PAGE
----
Tag Archives: Candy

Corrie hunks past and present as actress calls for more eye candy

Over the last 60 years that Coronation Street has been on our screens, characters have been and gone, and some have captured the hearts of fans.

And, some of those captivating characters have raised the heat in our living rooms, The Mirror reports.

The soap has welcomed lots of eye candy to the set over the years, but one actress has called out the show saying there is not enough heat on set.

Corrie star Rachel Leskovac said that the soap has not got enough hot male totty for her character Natasha to find a new love interest.

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Could she be right? Is Corrie a fit-free zone?

We look back on the catches of the cobbles over the years – for looks, personality, humour and bad boy mystique…

Aiden Connor (Shayne Ward)

Former X Factor star Shayne played Aiden

His good looks and soulful singing won him The X-Factor in 2005, so when Shayne joined the cobbles as heart-throb Aidan, his popstar looks and designer stubble could have got him his pick of Underworld’s machinists. Instead he ended up with vixen Eva Price and gorgeous Aidan ended up taking his own life.

Brian Tilsley (Christopher Quinten)

Brain Tilsley wowed the audience with his handsome looks

Mechanic Brian’s grubby overalls got mums all hot under their bonnets.

The mullet-haired pin-up wed Gail and fathered Nick and Sarah Louise, but was stabbed to death at a nightclub. Coincidentally, actor Quentin’s career also came to an end when he got a job at Stringfellows.

Callum Logan – Sean Ward

Hottie hardman Callum was a violent, criminal drug dealer who caused chaos on the cobbles. The evil, blackmailing ex-lag, played by Sean Ward, tried to take his biological son Max from his mum Kylie and extort money from the Platts.

Clearly all he needed was the love of a good woman – instead he got a wrench in his head and buried under the extension.

Chris Collins – Matthew Marsden

Originally the buff bod in the Body Impulse Spray adverts, model actor Matthew became the cobbles eye candy as car mechanic Chris before he left for a Hollywood career in movies such as Black Hawk Down.

Singer Madonna was rumoured to have asked him for a date, but he turned her down saying he spent enough time with old bangers.

Ciaran McCarthy – Keith Duffy

Boyzone’s Ciaran became a barman at The Rovers

A member of the 90s boy band Boyzone, Irish charmer Ciaran pulled pints – and ladies – as bar man in the Rovers. He even got himself arrested to avoid marrying Sunita, which would have been an even longer sentence.

Hero Ciaran also tried to help abused Shelley, but was sacked for his troubles.

Danny Baldwin – Bradley Walsh

Sexy older man Danny turned out to be Mike Baldwin’s secret son. No stranger to the marital bed – other people’s that is – Danny left his first wife for the babysitter, then ran off with his son’s girlfriend.

When his son then had an affair with his second wife, viewers wondered if Weatherfield had moved to Alabama.

Dev Alahan – Jimmi Harkishin

Devilishly handsome and owner of a kebab shop, Dev is a cobbles catch. His wife Sunita divorced him when she found out he’d been giving his employees a little something extra in their pay-packets – like a baby.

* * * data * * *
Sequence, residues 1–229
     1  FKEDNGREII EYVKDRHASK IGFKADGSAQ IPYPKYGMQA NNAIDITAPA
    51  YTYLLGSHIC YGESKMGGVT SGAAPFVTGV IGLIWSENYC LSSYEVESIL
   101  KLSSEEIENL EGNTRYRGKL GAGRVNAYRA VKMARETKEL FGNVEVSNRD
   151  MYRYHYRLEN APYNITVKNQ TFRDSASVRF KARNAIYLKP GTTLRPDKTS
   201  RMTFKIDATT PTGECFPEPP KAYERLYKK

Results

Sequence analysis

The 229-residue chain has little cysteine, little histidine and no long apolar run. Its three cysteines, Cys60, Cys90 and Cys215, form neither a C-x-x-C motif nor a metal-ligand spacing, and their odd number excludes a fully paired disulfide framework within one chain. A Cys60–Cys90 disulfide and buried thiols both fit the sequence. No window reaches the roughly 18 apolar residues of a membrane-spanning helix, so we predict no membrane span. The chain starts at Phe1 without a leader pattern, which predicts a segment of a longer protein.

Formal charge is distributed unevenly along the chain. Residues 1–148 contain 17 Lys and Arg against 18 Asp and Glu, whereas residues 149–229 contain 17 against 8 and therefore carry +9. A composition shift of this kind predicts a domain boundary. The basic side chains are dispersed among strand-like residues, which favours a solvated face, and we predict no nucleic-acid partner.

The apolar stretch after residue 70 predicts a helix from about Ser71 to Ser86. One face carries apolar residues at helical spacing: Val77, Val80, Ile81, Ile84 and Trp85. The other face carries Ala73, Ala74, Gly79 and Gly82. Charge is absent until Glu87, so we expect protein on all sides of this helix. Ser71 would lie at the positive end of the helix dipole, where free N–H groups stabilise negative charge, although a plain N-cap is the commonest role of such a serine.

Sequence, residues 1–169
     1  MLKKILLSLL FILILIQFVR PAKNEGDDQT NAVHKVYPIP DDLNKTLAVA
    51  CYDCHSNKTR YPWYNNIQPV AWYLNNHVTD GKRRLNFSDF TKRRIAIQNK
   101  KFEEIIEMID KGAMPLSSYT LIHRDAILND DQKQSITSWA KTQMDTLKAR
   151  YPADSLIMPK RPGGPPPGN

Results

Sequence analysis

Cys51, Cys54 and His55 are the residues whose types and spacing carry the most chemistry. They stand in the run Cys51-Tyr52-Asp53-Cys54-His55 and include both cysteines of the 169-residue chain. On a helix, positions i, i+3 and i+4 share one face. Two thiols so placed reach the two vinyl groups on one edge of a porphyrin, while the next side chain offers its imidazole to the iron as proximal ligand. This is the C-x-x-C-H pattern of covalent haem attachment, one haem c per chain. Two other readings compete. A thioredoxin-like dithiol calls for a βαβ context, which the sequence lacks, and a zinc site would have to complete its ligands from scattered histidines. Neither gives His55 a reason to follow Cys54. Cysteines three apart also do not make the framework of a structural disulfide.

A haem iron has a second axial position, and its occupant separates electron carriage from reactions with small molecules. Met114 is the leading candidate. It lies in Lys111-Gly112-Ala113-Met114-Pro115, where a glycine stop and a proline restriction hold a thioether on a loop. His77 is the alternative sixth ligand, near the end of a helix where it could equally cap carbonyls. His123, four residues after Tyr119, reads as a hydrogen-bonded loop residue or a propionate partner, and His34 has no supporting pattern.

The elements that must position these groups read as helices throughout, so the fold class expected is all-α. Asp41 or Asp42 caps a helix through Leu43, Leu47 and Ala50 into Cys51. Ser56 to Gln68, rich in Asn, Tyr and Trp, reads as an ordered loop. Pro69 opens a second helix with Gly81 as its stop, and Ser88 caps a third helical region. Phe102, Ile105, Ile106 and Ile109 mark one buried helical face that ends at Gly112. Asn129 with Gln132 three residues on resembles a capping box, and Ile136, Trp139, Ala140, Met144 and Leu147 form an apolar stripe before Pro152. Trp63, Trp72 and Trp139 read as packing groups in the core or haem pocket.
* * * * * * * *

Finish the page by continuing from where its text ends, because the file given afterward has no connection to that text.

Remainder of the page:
The sexy shopkeeper also had a knee trembler with Deirdre, who looked demure, but had more fresh man meat on the soap than one of Betty’s hotpots.

Jason Grimshaw – Ryan Thomas

Ryan Thomas went on to win Big Brother and had a baby with TOWIE star Lucy Mecklenburgh

Hunky Jason joined the cobbles and proceeded to work his way through the young women.

The buff builder got into a love triangle with Sarah Platt and barmaid Violet, then left the show to pursue other roles.

Lewis Archer – Nigel Havers

Suave, sophisticated gentleman escort Lewis stole Audrey’s heart – as well as the bookies money. Over the years the charmer kept turning up like a bad penny, duping people out of cash including Gail, but thankfully he died before Audrey could be stupid enough to fall for his lies yet again.

Nathan Harding – Ray Fearon

Nathan Harding was played by Roy Fearon

Luckily for us ladies, car mechanic Nathan’s hobby was stripping down to his boxers for a few rounds in the ring.

The punchy star was played by velvet-voiced Shakespearean stage actor Roy Fearon, which means he was used to unbelievable storylines including not noticing his own surname had been changed.

Steve McDonald (Simon Gregson)

Street Cars supremo Steve started on the show as one of Jim and Liz’s fresh-faced twin boys.

He became one half of the Posh and Becks of the cobbles and twice wed Karen McDonald until Tracey Barlow got her claws into him.

But having now been married seven times to five different women, unsurprisingly Steve is getting a bit frayed around the edges.

Terry Duckworth (Nigel Pivaro)

Hard to believe that this portly, middle-aged soap baddie was a Jack the Lad in his heyday but for some he was irresistible.

Vera and Jack’s ex-lag son Terry has climbed the greasy pole and fallen down to earth with a bang more times than a lap dancer in his skanky Se7enth Hea7en club.

Curly Watts (Kevin Kennedy)

Mums loved Curly and his little boy looks, while girls thought he was a wet fish with a floppy fringe.

But the unlucky-in-love Bettabuy manager had the last laugh when he pulled barmaid Raquel and became the patron saint of punching above your weight.

Adam Barlow (Sam Robertson)

Hunk of the cobbles, Adam Barlow

The youngest of the Barlow Boys – and arguably the best-looking – Ken’s grandson Adam (and Mike Baldwin’s son) has also spent an inordinate amount of time in Canada, where I like to think there’s a parallel Corrie.